Phnom Kulen National Park is one of the most revered destinations in Cambodia, as it features Kulen Mountain. Once referred to as the Mount Mahendraparvata, the Kulen Mountain is a cultural and historical resort that marked the origin of the Khmer empire in the 9th century when King Jayavarman II announced independence from Java and declared himself as the ‘Chakravartin’, meaning universal king.

About 50 km north of Siem Reap and stretching for more than 13 km down to the Angkor Plain, the Phnom Kulen is home to a slew of temple ruins and several centuries-old consecrated carvings and sculptures. Most of the areas in Phnom Kulen are still untouched, allowing you to immerse yourself in the cool, spellbinding attractions that nature offers by way of jungle-covered verdant surroundings, rivers and dazzling waterfalls.

Phnom Kulen National Park Near Siem Reap - one of the highlights of 31 Best Things to Do in Siem Reap (Read all about Siem Reap here)

How to get to Phnom Kulen National Park

Sprawling over an area of about 37,500 hectares, Phnom Kulen National Park is accessible by car, van or tuk tuk, and it takes about 2 hours to reach here from Siem Reap. The renowned Angkor Wat is about 30 km away.

There is a private road that leads to the key attractions of the park. However, since the area is not de-mined, it's advisable to accompany an expert guide as you get deep into the park.

photo by Yakov Fedorov (CC BY-SA 3.0) modified

Phnom Kulen National Park

One of the most noteworthy attractions of the park is the archaeological site of Kbal Spean. Located in the western region of the Phnom Kulen mountain range, Kbal Spean – also known as the ‘River of a Thousand Lingas’ – is a carved sandstone riverbed that has numerous sculptures dating back to the 11th and 12th centuries.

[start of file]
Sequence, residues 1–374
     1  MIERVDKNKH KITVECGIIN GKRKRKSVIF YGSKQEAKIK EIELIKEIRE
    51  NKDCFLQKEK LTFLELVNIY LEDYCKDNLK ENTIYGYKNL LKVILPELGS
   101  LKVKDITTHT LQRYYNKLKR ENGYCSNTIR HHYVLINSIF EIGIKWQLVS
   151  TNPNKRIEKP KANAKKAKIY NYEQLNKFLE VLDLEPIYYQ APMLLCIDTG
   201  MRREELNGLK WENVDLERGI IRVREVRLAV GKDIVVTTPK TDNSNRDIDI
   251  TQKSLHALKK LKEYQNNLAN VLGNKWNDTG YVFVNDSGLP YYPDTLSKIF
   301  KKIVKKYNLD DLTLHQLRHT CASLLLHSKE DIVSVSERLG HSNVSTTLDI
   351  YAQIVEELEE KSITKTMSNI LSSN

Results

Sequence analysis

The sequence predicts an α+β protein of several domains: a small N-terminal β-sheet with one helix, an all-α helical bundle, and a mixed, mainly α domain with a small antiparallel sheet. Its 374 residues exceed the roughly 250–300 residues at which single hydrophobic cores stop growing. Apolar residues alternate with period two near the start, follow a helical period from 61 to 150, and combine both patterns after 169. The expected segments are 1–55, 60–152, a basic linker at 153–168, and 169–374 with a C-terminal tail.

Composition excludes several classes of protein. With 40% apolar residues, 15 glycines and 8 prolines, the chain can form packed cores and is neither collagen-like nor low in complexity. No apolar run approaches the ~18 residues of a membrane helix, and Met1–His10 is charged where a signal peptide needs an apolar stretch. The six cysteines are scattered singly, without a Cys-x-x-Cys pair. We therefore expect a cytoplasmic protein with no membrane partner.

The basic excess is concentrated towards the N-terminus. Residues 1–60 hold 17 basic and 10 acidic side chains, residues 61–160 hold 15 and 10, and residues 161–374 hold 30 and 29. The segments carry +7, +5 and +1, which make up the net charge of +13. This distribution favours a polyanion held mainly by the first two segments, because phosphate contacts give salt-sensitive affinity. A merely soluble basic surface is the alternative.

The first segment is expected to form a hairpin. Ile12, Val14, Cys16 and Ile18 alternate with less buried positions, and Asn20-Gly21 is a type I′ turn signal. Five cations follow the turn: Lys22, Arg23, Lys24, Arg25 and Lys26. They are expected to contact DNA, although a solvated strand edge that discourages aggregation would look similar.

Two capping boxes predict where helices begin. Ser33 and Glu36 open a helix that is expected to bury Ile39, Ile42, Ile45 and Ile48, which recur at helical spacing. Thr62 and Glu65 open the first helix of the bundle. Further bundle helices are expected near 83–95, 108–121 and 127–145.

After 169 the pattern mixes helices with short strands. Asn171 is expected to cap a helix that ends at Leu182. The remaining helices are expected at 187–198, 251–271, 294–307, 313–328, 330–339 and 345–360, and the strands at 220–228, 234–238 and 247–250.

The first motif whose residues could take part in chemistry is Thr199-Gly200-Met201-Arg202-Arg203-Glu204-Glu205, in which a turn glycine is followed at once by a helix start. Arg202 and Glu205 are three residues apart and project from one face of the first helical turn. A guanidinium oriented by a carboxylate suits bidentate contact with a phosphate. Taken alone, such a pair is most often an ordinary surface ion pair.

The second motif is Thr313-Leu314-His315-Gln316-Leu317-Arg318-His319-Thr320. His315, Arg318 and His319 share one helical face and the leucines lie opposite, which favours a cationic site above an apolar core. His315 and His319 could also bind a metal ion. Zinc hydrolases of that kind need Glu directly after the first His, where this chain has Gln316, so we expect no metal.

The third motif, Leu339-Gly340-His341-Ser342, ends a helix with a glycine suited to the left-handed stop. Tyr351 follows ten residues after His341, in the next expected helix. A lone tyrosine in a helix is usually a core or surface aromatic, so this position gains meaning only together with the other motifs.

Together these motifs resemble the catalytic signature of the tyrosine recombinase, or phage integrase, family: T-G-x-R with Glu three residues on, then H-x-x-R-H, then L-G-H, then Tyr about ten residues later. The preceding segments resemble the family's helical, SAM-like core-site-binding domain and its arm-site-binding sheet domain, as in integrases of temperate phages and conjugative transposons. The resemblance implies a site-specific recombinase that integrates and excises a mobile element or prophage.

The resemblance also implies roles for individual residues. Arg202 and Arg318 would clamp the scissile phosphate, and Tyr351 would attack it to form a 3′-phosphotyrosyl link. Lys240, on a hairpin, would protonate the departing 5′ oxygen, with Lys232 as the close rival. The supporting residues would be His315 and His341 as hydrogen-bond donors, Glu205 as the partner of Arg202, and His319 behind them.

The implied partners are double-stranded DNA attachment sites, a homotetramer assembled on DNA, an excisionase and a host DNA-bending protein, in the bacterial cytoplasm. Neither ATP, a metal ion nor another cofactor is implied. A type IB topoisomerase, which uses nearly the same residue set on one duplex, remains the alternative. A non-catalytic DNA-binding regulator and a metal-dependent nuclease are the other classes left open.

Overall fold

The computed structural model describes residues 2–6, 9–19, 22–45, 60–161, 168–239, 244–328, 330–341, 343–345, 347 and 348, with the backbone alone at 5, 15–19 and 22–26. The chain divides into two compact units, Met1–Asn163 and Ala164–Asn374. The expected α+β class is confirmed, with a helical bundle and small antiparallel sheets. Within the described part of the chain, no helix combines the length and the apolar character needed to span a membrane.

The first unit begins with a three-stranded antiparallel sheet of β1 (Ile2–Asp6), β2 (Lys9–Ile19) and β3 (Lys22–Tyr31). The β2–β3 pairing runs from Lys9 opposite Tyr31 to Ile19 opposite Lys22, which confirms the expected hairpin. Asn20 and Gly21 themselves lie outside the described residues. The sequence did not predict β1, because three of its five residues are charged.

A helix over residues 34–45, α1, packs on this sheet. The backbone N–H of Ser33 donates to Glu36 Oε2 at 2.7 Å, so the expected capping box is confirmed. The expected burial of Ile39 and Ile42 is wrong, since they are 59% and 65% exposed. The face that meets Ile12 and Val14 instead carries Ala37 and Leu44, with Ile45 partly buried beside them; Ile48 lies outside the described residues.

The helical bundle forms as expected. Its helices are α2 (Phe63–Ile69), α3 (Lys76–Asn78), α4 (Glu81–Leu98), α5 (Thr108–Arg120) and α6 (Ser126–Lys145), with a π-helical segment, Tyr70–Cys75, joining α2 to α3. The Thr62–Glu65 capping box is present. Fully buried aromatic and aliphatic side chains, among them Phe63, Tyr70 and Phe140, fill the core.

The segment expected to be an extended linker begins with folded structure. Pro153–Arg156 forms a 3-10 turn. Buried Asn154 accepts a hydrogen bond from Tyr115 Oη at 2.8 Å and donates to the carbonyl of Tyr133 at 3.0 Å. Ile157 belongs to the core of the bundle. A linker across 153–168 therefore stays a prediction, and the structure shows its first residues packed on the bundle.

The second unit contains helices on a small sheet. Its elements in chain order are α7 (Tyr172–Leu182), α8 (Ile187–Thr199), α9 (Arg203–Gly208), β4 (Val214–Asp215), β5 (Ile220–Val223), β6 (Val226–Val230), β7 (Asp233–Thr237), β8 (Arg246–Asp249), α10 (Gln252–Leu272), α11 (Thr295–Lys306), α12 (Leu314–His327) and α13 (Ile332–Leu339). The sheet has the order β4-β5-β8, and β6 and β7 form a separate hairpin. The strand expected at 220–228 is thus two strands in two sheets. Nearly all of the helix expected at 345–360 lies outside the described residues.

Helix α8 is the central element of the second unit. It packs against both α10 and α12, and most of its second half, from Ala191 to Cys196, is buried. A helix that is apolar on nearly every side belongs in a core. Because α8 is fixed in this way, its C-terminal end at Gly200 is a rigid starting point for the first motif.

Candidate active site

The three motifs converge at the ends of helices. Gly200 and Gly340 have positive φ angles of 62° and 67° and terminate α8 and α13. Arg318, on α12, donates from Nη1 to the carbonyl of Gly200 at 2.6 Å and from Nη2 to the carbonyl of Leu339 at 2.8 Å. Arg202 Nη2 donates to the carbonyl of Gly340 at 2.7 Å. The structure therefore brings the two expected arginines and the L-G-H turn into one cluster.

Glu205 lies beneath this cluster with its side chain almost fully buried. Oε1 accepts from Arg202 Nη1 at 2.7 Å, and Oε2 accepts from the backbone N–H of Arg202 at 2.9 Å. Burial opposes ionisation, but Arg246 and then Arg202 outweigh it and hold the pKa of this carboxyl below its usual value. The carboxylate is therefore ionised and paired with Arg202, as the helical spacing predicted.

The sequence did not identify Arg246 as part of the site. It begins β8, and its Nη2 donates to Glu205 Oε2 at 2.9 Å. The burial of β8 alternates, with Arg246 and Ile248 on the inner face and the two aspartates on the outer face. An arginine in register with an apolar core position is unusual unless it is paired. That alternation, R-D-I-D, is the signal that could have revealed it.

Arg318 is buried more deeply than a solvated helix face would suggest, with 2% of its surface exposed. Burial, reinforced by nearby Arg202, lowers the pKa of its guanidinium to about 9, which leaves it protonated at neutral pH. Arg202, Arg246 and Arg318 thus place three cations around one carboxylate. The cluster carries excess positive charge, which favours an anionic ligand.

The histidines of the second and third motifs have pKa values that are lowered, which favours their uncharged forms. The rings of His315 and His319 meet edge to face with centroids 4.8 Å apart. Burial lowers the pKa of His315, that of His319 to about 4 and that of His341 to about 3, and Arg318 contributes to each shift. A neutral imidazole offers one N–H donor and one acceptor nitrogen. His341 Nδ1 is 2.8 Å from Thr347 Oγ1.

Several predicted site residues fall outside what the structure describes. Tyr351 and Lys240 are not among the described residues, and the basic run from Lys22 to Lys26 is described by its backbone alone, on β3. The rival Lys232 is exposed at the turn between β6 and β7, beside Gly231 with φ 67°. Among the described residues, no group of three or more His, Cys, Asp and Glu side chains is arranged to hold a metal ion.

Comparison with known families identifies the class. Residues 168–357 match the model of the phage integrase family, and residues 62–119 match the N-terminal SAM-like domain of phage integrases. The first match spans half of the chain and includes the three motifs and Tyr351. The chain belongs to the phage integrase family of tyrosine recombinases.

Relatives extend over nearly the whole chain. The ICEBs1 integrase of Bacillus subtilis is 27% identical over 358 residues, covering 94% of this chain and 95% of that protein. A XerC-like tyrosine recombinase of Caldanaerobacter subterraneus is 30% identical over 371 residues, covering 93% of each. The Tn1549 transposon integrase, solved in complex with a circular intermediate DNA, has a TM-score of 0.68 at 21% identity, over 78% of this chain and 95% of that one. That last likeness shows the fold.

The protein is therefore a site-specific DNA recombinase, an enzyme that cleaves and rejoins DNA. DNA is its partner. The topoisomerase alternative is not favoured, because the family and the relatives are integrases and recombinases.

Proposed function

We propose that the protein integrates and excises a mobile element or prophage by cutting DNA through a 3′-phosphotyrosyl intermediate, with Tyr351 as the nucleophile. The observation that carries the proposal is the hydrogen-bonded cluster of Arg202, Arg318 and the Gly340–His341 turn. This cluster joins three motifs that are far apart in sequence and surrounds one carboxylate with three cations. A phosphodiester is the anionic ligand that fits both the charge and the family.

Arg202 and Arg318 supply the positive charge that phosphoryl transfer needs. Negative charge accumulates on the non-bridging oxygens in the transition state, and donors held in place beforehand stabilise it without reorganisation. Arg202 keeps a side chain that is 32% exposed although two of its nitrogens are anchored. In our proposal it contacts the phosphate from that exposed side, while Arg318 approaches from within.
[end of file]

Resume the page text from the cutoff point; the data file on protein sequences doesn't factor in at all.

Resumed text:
The inscriptions and mythological scenes carved out here have been categorised into 3 factors that illustrate the Hindu Trinity Gods: Lord Vishnu, Lord Brahma and Lord Shiva.

photo by Photo Dharma (CC BY 2.0) modified

Among the carvings that deserve special note are the engravings of Vishnu reclining on the serpent Ananta with his consort Lakshmi, with a lotus flower obtruding from Vishnu’s navel holding the image of Brahma. Once used for baptism, the water in this area is considered sacred.

Another attraction worth seeing in Phnom Kulen is Chup Preah – a plain with refreshing streams that meander into the mountain valley. This is truly a serene spot with a big 16th-century Buddhist image, in addition to a tree about 15 metres high alongside it.

photo by Narith5 (CC BY 2.0) modified

Equally interesting is Preah Ang Thom – a Buddhist temple that enshrines an enormous 17-metre-long statue of a reclining Buddha and the Terrace of Sdach Kamlung – with a small wrecked brick temple at its centre. Studies reveal that this spot was covered by lava for hundreds of years.

Aside from these, there are 2 impressive waterfalls that form the focal point of Phnom Kulen.

Phnom Kulen National Park Near Siem Reap

Location: Siem Reap, Cambodia

Penny Wong | Compulsive Traveller